When the controlled oscillator is stable, and the Kalman filter has settled, the performance measure will drop below a threshold. At this point frequency corrections will be started. (State 3)

In state 3 corrections are made to the controlled oscillator. The filter and oscillator will continue to settle, until the performance monitor falls below a second threshold. At this point the lock indicator is switched off. (State 4)

The following parameters set up the Kalman filter to match the controlled oscillator: a) Oscillator noise parameters:

S1 variance of random walk FM noise

S2 variance of white FM noise

S3 variance of white phase noise

OC1 oscillator tuning constant in fractional frequency/volt

OC2 maximum oscillator tuning voltage in volts, assuming 0V minimum b) 1PPS noise root variance (a function of the GPS receiver used)

R measurement noise root variance in seconds

These parameters are programmed over the RS232 interface, and are stored in non volatile memory.

The oscillator noise parameters may be obtained from a measured Allen variance curve using a MathCAD modelling program.

2.4 Interface

The RS232 interface enables setup and monitoring of the 1PPS.

RS232 configuration 9.6kbaud, 8bits, no parity, no handshake) RX CONN4 Pin 4 TX CONN4 Pin 6.

The basic control codes are defined in appendix A. The purpose and operation of the control codes are considered in this section.

2.4.1 Basic

All control codes operate on fixed string lengths, there is no terminator character, i.e. "enter" is not required.

All control codes start with two letters (upper case only) which defines the control group. In each group the code may be followed by a "?", a “+” or an additional letter (upper case) with a variable length hexadecimal string. In a few cases only the initial two letters are required, in which case the microcontroller will acknowledge with a single carriage return character (0Dh) after the initial two characters.

The "?" as the third character (query command) will return a hex string representing the current setting of the parameters appropriate to the control group, followed by a carriage return.

The "+" as the third character will enter the query command into the internal repeat stack. The command will then be repeatedly processed at a preset rate. The operation of the command repeat facility is described later.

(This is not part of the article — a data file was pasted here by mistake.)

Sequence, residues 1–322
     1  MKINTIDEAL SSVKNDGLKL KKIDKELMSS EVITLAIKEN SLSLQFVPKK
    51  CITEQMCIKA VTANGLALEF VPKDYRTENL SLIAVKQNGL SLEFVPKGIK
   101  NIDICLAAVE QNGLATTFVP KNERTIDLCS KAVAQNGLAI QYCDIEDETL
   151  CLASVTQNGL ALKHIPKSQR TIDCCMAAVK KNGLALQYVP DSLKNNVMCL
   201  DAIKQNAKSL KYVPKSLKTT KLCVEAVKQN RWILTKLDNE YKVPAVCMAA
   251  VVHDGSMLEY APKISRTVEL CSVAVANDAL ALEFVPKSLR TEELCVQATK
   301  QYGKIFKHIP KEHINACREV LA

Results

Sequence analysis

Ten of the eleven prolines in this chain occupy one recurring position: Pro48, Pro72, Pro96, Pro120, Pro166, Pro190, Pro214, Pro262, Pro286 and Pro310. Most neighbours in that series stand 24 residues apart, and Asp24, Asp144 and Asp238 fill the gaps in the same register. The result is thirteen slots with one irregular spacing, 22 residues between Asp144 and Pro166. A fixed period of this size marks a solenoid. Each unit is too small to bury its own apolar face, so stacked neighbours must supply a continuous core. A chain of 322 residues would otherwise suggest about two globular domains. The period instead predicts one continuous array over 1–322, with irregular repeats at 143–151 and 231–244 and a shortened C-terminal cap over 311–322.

The control groups which accept an additional letter are intended to update internal parameters, and are described fully under each control group. After updating a parameter, the controller will reply with a carriage return and an automatic repeat of the query form of the control group.

If an invalid code or string is sent that cannot be parsed, the controller will reply with "!" "carriage return", and will clear the input buffer.

2.4.2 Detailed use of interface commands.

WARNING

By incorrect use of the interface, it is possible to get the controller into a state where the 1PPS will not work. The key command to avoid is "EU" (EPROM update) which writes any changed parameters into the EPROM memory.

Provided this is not done, a power on reset will always restore the previous values. An alternative to the power on reset is the command "SR" (software reset).

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Model A6 Operation Manual

2.4.3 Command list

OS (overall status)

This command monitors and controls the state machine which controls the locking and monitoring of the 1PPS. It also controls various test modes which are more concerned with product development than user adjustment. However there is one function which needs to be set up using this command for a new application. This is the tuning voltage span.

"OS?" returns 6 hex strings of different lengths. The control code definition section has a full specification of these.

Test status byte

The test status byte switches on and off various functions for test purposes. To change a particular bit, a new hex string must be calculated. One of the most important bit switches is bit 7, which when set disables the automatic lock control state machine, and enables the 1PPS to be manually controlled.

IMPORTANT The test status byte is maintained in EPROM. If the command EU (EPROM update) is used when the test status byte has been manually altered, the unit may not work after the next power on reset. If in doubt, the test status byte should be set to 00hex, and the EU command executed.

Lock status byte

The lock status byte monitors the operation of the state machine. Bits 0, 1, 2 indicate the current internal state. Bits 4, 5 are read only bits which indicate the state of the OCXO and PLL. Bits 6, 7 are automatically controlled by the state machine, but may be set and reset by the user for test purposes. In order to avoid overwrite by the state machine; bit 7 of test status should be set.

Output status byte

The output status byte monitors the operation of the 1PPS time tag and the Kalman phase estimate.

Tune voltage span (1 byte)

The tune voltage span can be set to suit the OCXO. A value of 00h will give a span of 0 to 10V, and a setting of FFh a span of 0 to 5.8V.

After setting the value should be stored in EPROM using the "EU" command.

OCXO current (2 bytes).

These bytes are read only and give the filtered value of the OCXO supply current. The range is 0 to 500mA. The digital filter has a 3dB bandwidth of about 5mHz, so the value responds quite slowly to a change in OCXO current. The value is compared to a threshold to detect OCXO warm up. When the current falls below the threshold, the state machine will move to state 1 and try and lock the loop. The OCXO threshold is not adjustable without reloading the firmware.

Run Time (2 bytes)

The run time bytes are the power on time of the microcontroller since the firmware was programmed. This is in units of

18.2 hours. This parameter cannot be changed using the interface. (but see "ER" command).

PO (1PPS Output)

This command monitors the current state of the 1PPS output. It also enables user adjustment of some of the parameters.

“PO?” returns 4 hex strings of different lengths.

Modulo50 counter byte

20ms range 0 to 49.

Main counter (2 bytes)

400ns range 0 to 49999.

Delay setting byte

100ns range 0 to 4 delay 50 to 450ns.